What 2022 Holds for Manufactured Housing
Two industry experts share their expectations for the year ahead.
The manufactured housing industry has closed another 12 months of steady growth, fueled by strong demand. Investor interest in the asset type stayed high in 2021, despite declining cap rates.
But the biggest issue the sector experienced last year continued to be the scarcity of new supply, both in terms of new communities and new homes within existing properties. Supply chain discrepancies had a significant impact on the production of new homes, preventing community owners from replacing old homes or filling vacant lots. Additionally, the industry’s persistent image problem continued to impact the construction of new communities.
Capital Square 1031 Founder & CEO Louis Rogers, along with Nodel Parks Vice President & General Counsel Jordan Nodel, talked to Multi-Housing News about the manufactured housing sector’s performance and revealed their expectations for the year ahead.
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While the sector has mostly been sheltered from pandemic-induced difficulties, what were the biggest challenges the industry faced last year?
Rogers: This will surprise you. The greatest pandemic-induced difficulties in the MHC industry is not rent collection or occupancy. Rent collections and occupancies are at all-time highs, near 100 percent in Capital Square’s three- and four-star age-restricted communities in Florida.
The greatest pandemic-induced challenge has been permit issuance and availability of new homes to fill vacant lots. There is a waiting list of buyers for new homes and tenants who want those homes in Capital Square’s MHC communities, but local governments have been exceptionally slow in issuing permits for new homes and turning on utilities. In addition, some home builders have been unable to deliver sufficient new homes to fill the demand, leaving lots vacant in spite of strong leasing demand from prospective residents.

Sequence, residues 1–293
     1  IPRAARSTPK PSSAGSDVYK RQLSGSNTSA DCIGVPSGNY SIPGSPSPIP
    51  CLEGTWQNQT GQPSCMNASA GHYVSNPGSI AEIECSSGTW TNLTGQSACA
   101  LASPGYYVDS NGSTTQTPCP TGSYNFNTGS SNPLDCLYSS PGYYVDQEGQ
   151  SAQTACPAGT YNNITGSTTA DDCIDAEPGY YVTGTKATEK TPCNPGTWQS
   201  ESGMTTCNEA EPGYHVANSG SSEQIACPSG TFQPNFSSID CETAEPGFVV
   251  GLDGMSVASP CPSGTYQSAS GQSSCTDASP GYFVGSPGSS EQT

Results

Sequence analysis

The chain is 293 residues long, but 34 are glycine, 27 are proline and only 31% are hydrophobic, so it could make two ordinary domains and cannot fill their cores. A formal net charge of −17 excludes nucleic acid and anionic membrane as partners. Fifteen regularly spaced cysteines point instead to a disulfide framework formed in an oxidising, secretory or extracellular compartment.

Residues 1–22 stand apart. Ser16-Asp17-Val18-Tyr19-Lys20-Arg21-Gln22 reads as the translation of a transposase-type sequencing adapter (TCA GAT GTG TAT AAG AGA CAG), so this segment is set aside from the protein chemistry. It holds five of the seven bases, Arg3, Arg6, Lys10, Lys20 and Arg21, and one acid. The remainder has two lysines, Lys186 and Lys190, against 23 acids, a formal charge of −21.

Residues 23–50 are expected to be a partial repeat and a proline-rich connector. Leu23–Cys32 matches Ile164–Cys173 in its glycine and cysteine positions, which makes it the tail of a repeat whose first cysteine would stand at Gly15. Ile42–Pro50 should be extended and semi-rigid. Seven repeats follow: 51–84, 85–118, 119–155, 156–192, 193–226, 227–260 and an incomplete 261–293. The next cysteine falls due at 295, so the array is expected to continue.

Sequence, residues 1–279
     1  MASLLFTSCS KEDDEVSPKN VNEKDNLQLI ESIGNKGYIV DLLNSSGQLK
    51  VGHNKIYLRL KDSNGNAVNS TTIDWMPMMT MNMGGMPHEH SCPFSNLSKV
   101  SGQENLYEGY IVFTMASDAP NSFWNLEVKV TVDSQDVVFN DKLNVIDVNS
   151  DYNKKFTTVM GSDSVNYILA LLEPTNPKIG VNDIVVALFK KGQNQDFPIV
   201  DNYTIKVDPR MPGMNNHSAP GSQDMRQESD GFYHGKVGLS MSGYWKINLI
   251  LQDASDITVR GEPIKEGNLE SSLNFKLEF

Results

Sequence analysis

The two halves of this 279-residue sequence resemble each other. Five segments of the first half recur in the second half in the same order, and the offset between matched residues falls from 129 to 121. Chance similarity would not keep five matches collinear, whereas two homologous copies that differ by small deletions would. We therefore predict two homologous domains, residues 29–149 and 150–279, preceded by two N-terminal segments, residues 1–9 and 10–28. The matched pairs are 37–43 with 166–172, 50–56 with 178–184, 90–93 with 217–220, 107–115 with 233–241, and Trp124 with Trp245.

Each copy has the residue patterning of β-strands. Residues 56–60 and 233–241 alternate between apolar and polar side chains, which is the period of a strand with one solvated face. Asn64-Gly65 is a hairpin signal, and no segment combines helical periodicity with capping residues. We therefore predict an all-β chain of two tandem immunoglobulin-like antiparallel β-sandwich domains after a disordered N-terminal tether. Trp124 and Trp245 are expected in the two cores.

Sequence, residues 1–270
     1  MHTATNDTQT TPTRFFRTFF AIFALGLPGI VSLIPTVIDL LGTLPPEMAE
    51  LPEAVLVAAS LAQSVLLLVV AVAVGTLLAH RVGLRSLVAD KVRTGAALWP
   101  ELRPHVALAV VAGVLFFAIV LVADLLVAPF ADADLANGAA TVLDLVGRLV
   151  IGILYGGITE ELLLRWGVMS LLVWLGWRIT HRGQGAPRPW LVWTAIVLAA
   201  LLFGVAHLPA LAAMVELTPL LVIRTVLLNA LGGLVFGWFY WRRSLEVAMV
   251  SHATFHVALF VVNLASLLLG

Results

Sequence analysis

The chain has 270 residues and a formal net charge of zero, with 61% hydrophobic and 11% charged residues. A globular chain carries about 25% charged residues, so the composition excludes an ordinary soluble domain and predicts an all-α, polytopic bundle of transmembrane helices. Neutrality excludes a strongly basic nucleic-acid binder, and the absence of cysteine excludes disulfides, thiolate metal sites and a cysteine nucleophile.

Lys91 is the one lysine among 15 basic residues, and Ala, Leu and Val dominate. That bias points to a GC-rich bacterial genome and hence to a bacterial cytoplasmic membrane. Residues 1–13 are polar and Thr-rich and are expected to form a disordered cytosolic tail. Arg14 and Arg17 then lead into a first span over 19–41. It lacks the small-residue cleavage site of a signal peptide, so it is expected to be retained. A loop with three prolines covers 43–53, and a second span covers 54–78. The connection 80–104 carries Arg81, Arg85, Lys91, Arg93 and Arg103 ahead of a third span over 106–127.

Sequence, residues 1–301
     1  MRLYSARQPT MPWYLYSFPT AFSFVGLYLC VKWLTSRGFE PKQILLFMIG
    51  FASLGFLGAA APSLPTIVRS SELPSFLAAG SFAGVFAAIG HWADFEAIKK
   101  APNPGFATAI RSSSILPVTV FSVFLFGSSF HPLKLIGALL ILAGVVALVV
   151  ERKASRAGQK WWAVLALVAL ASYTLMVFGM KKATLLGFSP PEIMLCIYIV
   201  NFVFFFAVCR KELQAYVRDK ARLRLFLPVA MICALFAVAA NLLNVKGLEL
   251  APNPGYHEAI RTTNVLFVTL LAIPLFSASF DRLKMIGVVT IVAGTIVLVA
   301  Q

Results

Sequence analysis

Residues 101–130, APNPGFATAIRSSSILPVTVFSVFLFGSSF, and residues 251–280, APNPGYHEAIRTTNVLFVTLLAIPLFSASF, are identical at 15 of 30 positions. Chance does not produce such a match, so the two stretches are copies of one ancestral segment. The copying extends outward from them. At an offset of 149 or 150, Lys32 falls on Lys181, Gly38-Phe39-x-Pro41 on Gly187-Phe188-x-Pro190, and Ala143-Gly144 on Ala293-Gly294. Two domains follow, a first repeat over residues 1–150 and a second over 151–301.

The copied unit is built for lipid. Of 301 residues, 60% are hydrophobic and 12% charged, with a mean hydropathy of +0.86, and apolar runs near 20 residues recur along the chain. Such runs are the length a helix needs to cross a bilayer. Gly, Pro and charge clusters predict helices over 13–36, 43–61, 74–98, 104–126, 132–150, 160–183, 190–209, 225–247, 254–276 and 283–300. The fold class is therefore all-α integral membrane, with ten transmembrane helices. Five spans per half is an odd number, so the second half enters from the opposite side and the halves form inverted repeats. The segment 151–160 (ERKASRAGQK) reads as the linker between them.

Nodel: Despite our greatest fears about COVID-19’s impact, rent collections at our communities stayed the same or, in certain cases, actually improved during time periods correlating with the stimulus checks. So, on one hand, the government intervention stabilized our communities and helped us weather the storm, but on the other hand, the start/stop nature of the CDC eviction moratoriums, various state and local mandates and FHA rules left us as community operators, as well as our residents, without clear and consistent guidelines about the rent collection process. Direct rent relief programs to residents have been helpful, though the programs are run at the state and local levels so the efficacy of them varies.